Advantage: Unlike normal handlebar bags it moves the weight close to the headset with the result that you almost cannot feel the weight. With a 100 mm stem and then the handlebar brackets further extending the weight outwards and away from the headset you really feel the added weight and steering becomes more sluggish.

Disadvantage: As a bag for my mini front rack, I used a small 2,5 litre Ortlieb roll. I would roll up the bag and let the two ends wrap around the aero bar on the top and close with the quick release buckle. So the aero bar made sure I would never loose my bag, however the bag was not really fixed sideways on the bottom, and I hated that.

I would be happy to receive suggestions on a proper multicompartment bag for this mini rack :-)

Lucas

22
General Discussion / Re: Fantastic Commuting Infrastructure
« on: June 08, 2014, 03:44:26 am »
And our tax rates, especially on the rich, are very low compared to the social democracies of Western Europe and compared to our own 50-60 years ago. 

Don't expect our situation to improve a lot until we get a more equitable tax structure ...

I live in Denmark and would consider being in the middle class. I pay approx 60% income taxes (you have to earn almost nothing in order to have that rate reduced). And the VAT is 25% in Denmark (on everything - even food). I have to pay the equivalent of 40 US cents for 1 kWh of electrical power. I have to pay the equivalent of approx 10 USD (due to taxes) for 1000 liter of water = 260 gallons out of the tab. Gasoline costs 8,5 USD pr gallon (due to taxes). 2 things are cheap in Denmark (to name a few): Electronics and meat.

So based on all this income tax and VAT, we should have bike lanes and bike bridges built constantly and everywhere. I have not seen any new ones for years - most were built 20-30 years ago.

I can tell you for sure that many people are furious about that system.

The values are very similar in all Scandinavian counties.

23
But overall this is an interesting thread.

For years I have toured with rear panniers alone and an aero bar. It worked really well, however:

1. I could sometimes miss a handlebar bag for my camera, money and other valuable stuff. The main purpose of that bag would be convenience of just clicking it on-off when going to a shop for doing groceries. Also I would carry some of the "heavy" stuff in the handle bar bag so I could shift my weight ratio more properly. I have really missed that.

2. Oftentimes, maybe my rear panniers struggled with the volume so I was missing a bit of space. But it worked. Having my valuable stuff in my rear panniers in a waist belt kind of bag was always annoying because I felt I had to empty a pannier each time when going to a grocery store.

I have bought an Arkel handle bar bag and it is beautiful and I have made some small tours with it, but I feel I miss the aero bar. Then I see the Revelate bags which enable me to combine both an aero bag wih a handlebar bag. But due to their strapping system and that it basically is a roll only, I will miss the convenience of rapid "in and out" combined with multiple pocket for optimum organization.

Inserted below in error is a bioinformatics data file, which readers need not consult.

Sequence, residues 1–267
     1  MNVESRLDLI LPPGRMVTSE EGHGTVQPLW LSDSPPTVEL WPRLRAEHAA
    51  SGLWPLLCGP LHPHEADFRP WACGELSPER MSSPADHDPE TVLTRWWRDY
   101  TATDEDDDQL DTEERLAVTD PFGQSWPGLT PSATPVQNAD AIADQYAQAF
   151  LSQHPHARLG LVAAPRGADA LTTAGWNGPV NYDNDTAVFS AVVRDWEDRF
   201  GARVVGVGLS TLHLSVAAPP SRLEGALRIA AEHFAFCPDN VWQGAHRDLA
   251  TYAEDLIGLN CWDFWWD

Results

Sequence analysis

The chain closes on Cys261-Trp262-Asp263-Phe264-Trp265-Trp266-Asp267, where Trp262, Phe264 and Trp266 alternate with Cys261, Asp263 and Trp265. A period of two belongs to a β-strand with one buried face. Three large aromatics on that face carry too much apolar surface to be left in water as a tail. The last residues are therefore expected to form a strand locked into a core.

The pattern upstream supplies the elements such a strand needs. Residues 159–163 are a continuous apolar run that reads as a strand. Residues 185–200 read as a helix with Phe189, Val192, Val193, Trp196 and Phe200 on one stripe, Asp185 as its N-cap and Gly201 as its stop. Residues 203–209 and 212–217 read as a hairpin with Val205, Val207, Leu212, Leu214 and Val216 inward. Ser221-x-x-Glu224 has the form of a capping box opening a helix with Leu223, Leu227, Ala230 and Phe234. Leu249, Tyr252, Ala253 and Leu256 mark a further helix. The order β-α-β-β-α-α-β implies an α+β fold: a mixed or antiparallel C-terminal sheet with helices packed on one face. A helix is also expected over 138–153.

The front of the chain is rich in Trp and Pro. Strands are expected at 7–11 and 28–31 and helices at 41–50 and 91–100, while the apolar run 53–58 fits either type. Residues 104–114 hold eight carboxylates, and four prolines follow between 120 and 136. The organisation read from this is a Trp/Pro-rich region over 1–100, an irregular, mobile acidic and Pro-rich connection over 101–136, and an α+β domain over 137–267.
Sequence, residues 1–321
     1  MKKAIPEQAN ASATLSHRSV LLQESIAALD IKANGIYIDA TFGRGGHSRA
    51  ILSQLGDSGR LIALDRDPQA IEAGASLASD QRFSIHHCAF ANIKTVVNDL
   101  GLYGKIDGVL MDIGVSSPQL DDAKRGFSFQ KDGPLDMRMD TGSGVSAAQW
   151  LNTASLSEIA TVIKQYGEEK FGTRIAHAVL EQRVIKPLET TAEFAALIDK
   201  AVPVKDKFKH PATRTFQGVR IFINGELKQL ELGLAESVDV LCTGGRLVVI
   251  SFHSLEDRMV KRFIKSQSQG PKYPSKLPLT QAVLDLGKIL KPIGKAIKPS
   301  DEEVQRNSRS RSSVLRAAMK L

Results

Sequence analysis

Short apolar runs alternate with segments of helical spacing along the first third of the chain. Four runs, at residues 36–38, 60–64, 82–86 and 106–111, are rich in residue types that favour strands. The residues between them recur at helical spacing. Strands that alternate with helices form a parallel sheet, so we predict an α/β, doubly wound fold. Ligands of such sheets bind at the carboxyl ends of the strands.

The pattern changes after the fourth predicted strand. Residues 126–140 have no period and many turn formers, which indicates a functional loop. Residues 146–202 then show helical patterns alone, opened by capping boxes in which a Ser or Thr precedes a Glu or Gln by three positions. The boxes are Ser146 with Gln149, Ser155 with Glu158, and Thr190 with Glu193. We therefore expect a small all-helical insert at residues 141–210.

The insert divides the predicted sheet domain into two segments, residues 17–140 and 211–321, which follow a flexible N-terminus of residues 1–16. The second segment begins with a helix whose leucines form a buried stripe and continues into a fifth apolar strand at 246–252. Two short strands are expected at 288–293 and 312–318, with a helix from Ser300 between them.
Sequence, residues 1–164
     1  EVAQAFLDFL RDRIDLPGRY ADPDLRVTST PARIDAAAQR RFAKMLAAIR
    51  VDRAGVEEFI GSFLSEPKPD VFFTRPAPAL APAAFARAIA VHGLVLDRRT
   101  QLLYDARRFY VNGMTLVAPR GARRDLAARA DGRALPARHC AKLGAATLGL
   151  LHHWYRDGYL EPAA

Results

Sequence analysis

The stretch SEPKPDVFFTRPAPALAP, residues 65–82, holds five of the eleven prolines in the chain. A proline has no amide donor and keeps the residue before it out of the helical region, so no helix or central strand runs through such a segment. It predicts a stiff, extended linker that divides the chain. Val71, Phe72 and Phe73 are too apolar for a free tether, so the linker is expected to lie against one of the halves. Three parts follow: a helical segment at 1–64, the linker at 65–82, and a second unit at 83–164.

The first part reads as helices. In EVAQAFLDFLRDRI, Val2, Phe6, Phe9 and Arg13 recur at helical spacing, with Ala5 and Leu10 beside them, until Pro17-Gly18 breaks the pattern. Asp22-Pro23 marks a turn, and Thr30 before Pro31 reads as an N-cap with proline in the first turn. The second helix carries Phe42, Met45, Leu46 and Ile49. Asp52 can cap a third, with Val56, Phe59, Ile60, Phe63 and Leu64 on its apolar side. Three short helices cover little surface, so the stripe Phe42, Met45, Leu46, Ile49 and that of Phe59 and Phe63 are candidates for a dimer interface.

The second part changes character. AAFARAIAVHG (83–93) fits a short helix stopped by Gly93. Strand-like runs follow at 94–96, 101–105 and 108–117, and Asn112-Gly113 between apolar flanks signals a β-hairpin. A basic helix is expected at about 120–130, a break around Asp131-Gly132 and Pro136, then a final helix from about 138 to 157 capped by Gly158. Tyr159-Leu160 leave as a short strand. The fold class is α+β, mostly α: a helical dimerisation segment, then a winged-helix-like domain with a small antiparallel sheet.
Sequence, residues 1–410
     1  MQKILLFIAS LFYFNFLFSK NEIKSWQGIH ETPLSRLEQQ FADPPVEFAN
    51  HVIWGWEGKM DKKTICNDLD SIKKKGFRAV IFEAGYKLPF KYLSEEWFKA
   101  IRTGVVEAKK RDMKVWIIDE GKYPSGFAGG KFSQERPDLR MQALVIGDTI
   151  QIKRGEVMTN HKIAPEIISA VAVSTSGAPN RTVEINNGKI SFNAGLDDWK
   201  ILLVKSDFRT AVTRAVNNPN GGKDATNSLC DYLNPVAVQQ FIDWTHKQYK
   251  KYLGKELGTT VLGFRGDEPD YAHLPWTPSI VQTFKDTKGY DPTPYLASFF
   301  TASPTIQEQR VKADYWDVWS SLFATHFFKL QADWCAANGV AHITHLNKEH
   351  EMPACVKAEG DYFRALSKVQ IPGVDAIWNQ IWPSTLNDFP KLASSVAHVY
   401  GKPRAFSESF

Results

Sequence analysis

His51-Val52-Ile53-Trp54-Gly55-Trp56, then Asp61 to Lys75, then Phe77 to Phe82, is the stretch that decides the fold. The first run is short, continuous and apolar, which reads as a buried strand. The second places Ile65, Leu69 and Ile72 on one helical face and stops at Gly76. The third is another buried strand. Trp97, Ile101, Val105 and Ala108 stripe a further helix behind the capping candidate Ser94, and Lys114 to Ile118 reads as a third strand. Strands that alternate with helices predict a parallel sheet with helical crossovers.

I would be happy to hear about some solutions :-) (without hijacking this thread).

Lucas

24
Interestingly, I NEVER had hand numbness on my mountain bikes.

Yeah, me too - I never had any numbness. Unless I do a crazy ride for 30 days with no rest days and pull off 125 mi/day - then I get numbness after a couple of days - even with drop bars.

Lucas

25
General Discussion / Re: Starting the TA in mid August...
« on: March 06, 2014, 06:08:42 pm »
You will not have any problems if you ride +150 mi/day :-)

Lucas

26
Routes / Cross country East - West on dirt/gravel
« on: March 02, 2014, 01:31:56 am »
Hi,

By "accident" I found this webpage:

http://www.transamtrail.com/the-trans-am-trail/

It looks highly interesting. Something like a horizontal Great Divide Trail.

Lucas

27
General Discussion / Re: Best routes for newbies?
« on: February 13, 2014, 06:50:25 am »
Best camping possibilities are probably CA, OR and WA with all their cheap hiker biker sites.

On the contrary, in the Eastern states, private campgrounds can easily reach 30 dollars pr night for 1 person and 1 tent.

Lucas

28
I have done the Northern Tier, Trans am, Southern Tier, Pacific Coast, Western Express and parts of Atlantic Coast. If you REALLY want an answer, I liked these areas the least in terms of safety:

http://en.wikipedia.org/wiki/Bible_belt

Lucas

29
Lucas,

Don't know if it's mentioned in the piece, but a side effect of the ramp up has been a marked increase in drug use, drinking, violence and prostitution.

Exactly this is also adressed in the the piece. For instance it is mentioned that strip clubs make more money than in Las Vegas ...

30
Back in summer 2000 i biked the entire Northern Tier passing through Williston, ND. A few years ago I was puzzled why Adventure Cycling had made a large detour around that area. I was told it was due to the major oil boom with lots of heavy traffic.

This evening, in Danish prime time, a 20 min documentary was shown on national TV about the situation in ND. I guess that 10% of the entire Danish population saw that program. So now a large group of at least 500000 people 5000-10000 miles away know about the situation. It is a Danish program, however it is texted with lots of English language.

I have no idea whether the link works outside of Denmark. Try it out:

http://www.dr.dk/tv/se/horisont/horisont-73

I was just sad to see what has happened. I guess you cannot have both worlds ...

Lucas